Many of the estimated 100 seniors in attendance seemed most excited to learn of the new income requirement for the Senior Citizen Rent Increase Exemption, or SCRIE.
Although it doesn’t receive the public and media attention that the Rock and Roll Hall of Fame does (though that has waned considerably in recent years), the Songwriters Hall of Fame, which is located in a wing in the Grammy Museum in downtown Los Angeles, actually predates its Rock Hall cousin’s inductions by 17 years, as it has been honoring artists since 1969. The 45th induction ceremonies took place last month at the Marriott Marquis in Times Square.
2014 represents the 50th anniversary of the figurative British Invasion of the American pop charts that was led of course by The Beatles. Sir Paul McCartney and the late John Lennon and George Harrison have long been enshrined in the Songwriters Hall of Fame.
In an effort to lend a helping hand to the increasing senior population, state Sen. Joe Addabbo Jr. (D-Howard Beach) hosted a 50-plus job fair at the Queens Community House in Kew Gardens from 10 a.m. to 3 p.m. on May 30, an event that organizers estimated drew over 600 applicants during the first two hours alone.
For baby boomers and their parents, Westerns were an entertainment staple. Gary Cooper became a film icon playing the good guy sheriff who said little but always defeated the villains. Roy Rogers and Gene Autry delighted both kids and adults with their short films, and even their respective horses, Trigger and Champion, were household names. Two of the longest running television shows of all-time were “Bonanza” and “Gunsmoke.”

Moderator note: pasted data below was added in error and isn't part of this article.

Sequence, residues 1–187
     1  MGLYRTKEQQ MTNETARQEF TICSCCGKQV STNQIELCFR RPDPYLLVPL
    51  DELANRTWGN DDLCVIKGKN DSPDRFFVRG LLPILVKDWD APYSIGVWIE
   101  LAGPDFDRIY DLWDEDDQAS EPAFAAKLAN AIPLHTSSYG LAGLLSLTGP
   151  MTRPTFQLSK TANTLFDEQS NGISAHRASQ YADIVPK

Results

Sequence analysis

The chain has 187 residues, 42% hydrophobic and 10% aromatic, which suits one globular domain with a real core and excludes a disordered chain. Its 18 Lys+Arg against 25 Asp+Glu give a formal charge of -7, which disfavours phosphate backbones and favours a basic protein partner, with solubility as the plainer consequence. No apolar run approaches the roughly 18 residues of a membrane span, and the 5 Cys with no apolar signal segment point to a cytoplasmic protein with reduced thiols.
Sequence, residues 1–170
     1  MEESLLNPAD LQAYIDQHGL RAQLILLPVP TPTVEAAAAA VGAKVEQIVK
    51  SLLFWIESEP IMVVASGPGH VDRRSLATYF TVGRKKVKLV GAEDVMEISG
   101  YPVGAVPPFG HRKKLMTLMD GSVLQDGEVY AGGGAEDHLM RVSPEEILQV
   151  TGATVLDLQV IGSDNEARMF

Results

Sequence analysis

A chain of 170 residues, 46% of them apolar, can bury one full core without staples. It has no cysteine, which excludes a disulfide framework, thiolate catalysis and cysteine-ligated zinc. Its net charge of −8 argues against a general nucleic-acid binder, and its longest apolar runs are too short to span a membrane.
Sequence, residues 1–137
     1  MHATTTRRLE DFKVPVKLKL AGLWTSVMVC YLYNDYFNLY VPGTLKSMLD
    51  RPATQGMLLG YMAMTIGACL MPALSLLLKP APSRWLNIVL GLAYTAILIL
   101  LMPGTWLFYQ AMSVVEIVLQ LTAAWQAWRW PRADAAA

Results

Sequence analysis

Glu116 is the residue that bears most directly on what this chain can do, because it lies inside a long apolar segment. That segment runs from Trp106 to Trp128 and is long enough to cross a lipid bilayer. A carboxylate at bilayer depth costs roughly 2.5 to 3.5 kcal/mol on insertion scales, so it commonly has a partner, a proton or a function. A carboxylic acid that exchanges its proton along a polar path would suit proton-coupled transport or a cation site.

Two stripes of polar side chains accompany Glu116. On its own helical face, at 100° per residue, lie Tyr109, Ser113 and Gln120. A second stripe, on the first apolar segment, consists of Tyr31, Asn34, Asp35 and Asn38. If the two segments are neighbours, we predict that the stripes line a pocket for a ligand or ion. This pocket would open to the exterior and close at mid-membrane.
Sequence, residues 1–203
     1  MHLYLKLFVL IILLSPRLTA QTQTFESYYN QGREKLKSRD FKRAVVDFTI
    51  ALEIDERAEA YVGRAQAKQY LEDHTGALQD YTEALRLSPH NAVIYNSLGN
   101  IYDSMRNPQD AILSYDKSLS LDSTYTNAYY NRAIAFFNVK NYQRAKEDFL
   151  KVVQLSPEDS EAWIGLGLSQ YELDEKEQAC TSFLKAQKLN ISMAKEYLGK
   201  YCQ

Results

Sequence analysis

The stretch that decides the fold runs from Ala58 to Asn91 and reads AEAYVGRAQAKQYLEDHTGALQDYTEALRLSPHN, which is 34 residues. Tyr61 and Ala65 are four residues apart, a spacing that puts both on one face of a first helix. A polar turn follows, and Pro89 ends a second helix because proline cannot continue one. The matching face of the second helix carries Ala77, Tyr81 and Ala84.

The philandering husband has long been a staple of TV soap operas and probably every other show that has ever been broadcast on cable’s Lifetime Network.
Film studios have generally shied away from making spousal cheating a central focus of a film because it has been done so frequently on television. A notable exception was 1996’s witty comedy “The First Wives Club,” which starred Diane Keaton, Goldie Hawn, and Bette Midler as the exes of successful men seeking revenge on their former husbands for ditching them for younger women.
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When a client comes to our office for an initial consultation the attorney that the client is meeting with will obtain information about the client’s family structure, asset picture and the client’s particular goals. Most often, a primary goal of our prospective clients is to “protect” their assets so that such assets can be passed to their children (or other loved ones), upon the client’s passing, as efficiently and with as much value retained as possible. In helping our client reach this goal, “trusts” are often employed as extremely useful tools.
The Federal Trade Commission has moved to close down what it calls a multi-million dollar telemarketing fraud that targeted U.S. seniors across the nation, scamming tens of thousands of consumers.